Artist uses Japanese techniques on Indian imagery

Indian artist Madhu Jain uses the Nihonga technique while drawing on Indian imagery. -- PHOTO: COURTESY OF MADHU JAIN
Indian artist Madhu Jain uses the Nihonga technique while drawing on Indian imagery. -- PHOTO: COURTESY OF MADHU JAIN

Drawing on her global travels, particularly the time she spent in Japan and Singapore (1980-1984) as a diplomat's wife, Indian artist Madhu Jain uses the Nihonga technique while drawing on Indian imagery.

Her second solo with Singapore's Galerie Belvedere travels here from Tokyo. She had exhibited with it earlier in 2002.

Titled The World Around Me, it features 50 works with prices ranging from $500 for a small work in Sumi-e techniques to $9,500 for a triptych in Nihonga.

Jain's creative attempts to project Indian cultural heritage and traditions using Japanese techniques have been hailed as a unique experiment to bridge different cultural traditions while at the same time creating new forms of artistic expression.

In an e-mail interview, the 67-year-old New Delhi-based artist says: "When I first saw Nihonga paintings, I was dazzled. I had never ever seen such technical brilliance and serene environs. They had a suave seduction to which I was completely taken to. I decided to study and research this medium."

She started learning it during the four years she lived in Japan, while her husband was posted as Minister in the Embassy of India in Tokyo from 1994 to 1997. She recalls it being tough as the teachers and artists did not speak English and she had to learn Japanese.

One of the key things she learnt while studying the form was not to crowd her paintings with too many subjects.

"The Sumi-e technique taught me how lines and spaces lend focus to the main subject and how by leaving empty spaces, one could leave much to the imagination," she says.

Sumi-e, single-stroke black-ink painting, is much like the Zen concept conveying minimalism, focusing only on the essence. It is beauty condensed and distilled, the artist adds.

The Nihonga palette has about 1,500 mineral pigments, which are layered with brush, using glue (nikawa) and water on handmade washi paper, with each layer drying in between.

This art form originated in India centuries ago and travelled to the Far East, where, in Japan, it was perfected and given the name of Nihonga.

She brings these aesthetics to her recent works such as Kites and a triptych titled Autumn Reflection.

In Kites, she depicts her home state of Rajasthan, which is known for its vibrancy and colours.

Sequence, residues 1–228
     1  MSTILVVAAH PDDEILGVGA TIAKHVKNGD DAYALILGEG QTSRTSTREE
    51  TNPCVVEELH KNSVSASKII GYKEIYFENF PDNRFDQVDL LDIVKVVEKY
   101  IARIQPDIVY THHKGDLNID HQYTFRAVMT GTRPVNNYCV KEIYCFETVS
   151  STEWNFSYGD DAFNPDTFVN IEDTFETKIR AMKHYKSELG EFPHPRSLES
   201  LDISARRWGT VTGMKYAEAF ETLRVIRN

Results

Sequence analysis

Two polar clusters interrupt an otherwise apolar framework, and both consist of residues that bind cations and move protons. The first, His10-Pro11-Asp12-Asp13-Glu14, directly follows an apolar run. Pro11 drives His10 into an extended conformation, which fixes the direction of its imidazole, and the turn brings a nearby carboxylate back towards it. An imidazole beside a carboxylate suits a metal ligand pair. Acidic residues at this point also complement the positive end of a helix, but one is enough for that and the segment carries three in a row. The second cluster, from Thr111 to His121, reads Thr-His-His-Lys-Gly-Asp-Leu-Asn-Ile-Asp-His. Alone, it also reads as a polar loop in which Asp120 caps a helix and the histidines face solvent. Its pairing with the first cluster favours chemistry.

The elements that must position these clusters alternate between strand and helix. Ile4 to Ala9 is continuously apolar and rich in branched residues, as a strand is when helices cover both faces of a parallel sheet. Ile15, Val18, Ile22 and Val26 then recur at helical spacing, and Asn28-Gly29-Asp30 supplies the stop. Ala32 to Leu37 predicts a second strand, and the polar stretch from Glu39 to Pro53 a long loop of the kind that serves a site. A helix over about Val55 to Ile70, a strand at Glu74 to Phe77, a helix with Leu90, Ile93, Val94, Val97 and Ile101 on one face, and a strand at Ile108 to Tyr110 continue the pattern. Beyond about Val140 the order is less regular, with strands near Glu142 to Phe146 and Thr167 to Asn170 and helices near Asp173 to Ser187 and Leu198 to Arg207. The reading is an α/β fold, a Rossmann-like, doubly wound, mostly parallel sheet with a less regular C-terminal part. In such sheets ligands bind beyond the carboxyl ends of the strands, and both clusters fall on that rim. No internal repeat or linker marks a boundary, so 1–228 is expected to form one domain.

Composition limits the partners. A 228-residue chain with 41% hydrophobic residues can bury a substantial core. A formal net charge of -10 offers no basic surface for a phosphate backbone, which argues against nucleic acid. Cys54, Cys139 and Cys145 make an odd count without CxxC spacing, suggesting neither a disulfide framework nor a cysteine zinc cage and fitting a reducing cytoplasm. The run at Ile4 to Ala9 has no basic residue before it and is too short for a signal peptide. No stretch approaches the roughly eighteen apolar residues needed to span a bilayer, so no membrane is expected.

The challenge here was to present without packing the canvas with too much. What went in was as important as what was left out.

"What I wanted to showcase was how blissfully unaware the simple village folks are of the urban tensions and how they go about their work in a relaxed and easy manner."

To do that, she has portrayed women in their bright coloured heavily gathered lehengas (skirts) with their heads covered with long cotton material called dupattas.

In Rajasthan, a desert state, the women in villages generally carry pots filled with water back to their homes.

This painting is set during the annual Kite Festival in mid-January, when the skies are full of kites of different shapes and sizes.

The triptych Autumn Reflection is quite a contrast to this. During the autumn months around August and September, leaves starting changing colours and, in a quick period, go from yellow to orange to brown.

"I was drawn to nature's incredible splash of colours. This painting took me back to Japan. Even though I had experienced it many years ago, I could never forget how awestruck I was when I saw the hills of Japan during autumn.

"The picture kept coming back years later and I was inspired to create this piece, to paint nature in all its glory."

While her medium is Japanese, the style she has developed over the years is all her own.

"Japan taught me that beauty lay in nature alone. It is my love for the environment and nature that attracted me to this eco-friendly medium. I like that it involves the use of natural rock pigments which are derived from minerals, shells, corals, semiprecious stones like garnets and pearls and even gold and silver applied by brush using glue and water on handmade paper."

She adds that since this technique is not known to contemporary artists outside Japan, it has turned out to be "an exciting aesthetic challenge for me".

"I have used this technique to create my own style and expression. The use of different gradations of rock pigments bring out the vivaciousness of the rural folks. There are times when the effect I am after appears lost in the layers and I am often thrilled to see what suddenly emerges boldly once the pigments dry up."

The artist, who has two sons in their 40s, calls her art a reflection of herself.

"They are simple, warm, colourful and cheerful and I think they need very little explanation."

Galerie Belvedere's managing director Jaya Mohideen says she has been wanting to bring Jain's art back after their successful show in 2002. Her works are in several private and corporate collections in Singapore, including CapitaLand's.

Says Mrs Mohideen: "Madhu's art is unique in that she has internalised and distilled the influences of Japanese art and culture, where painting is taken to a delicate and refined platform, and used these techniques to reflect the vibrant culture and scenery of her homeland.

"The results are quite spectacular."

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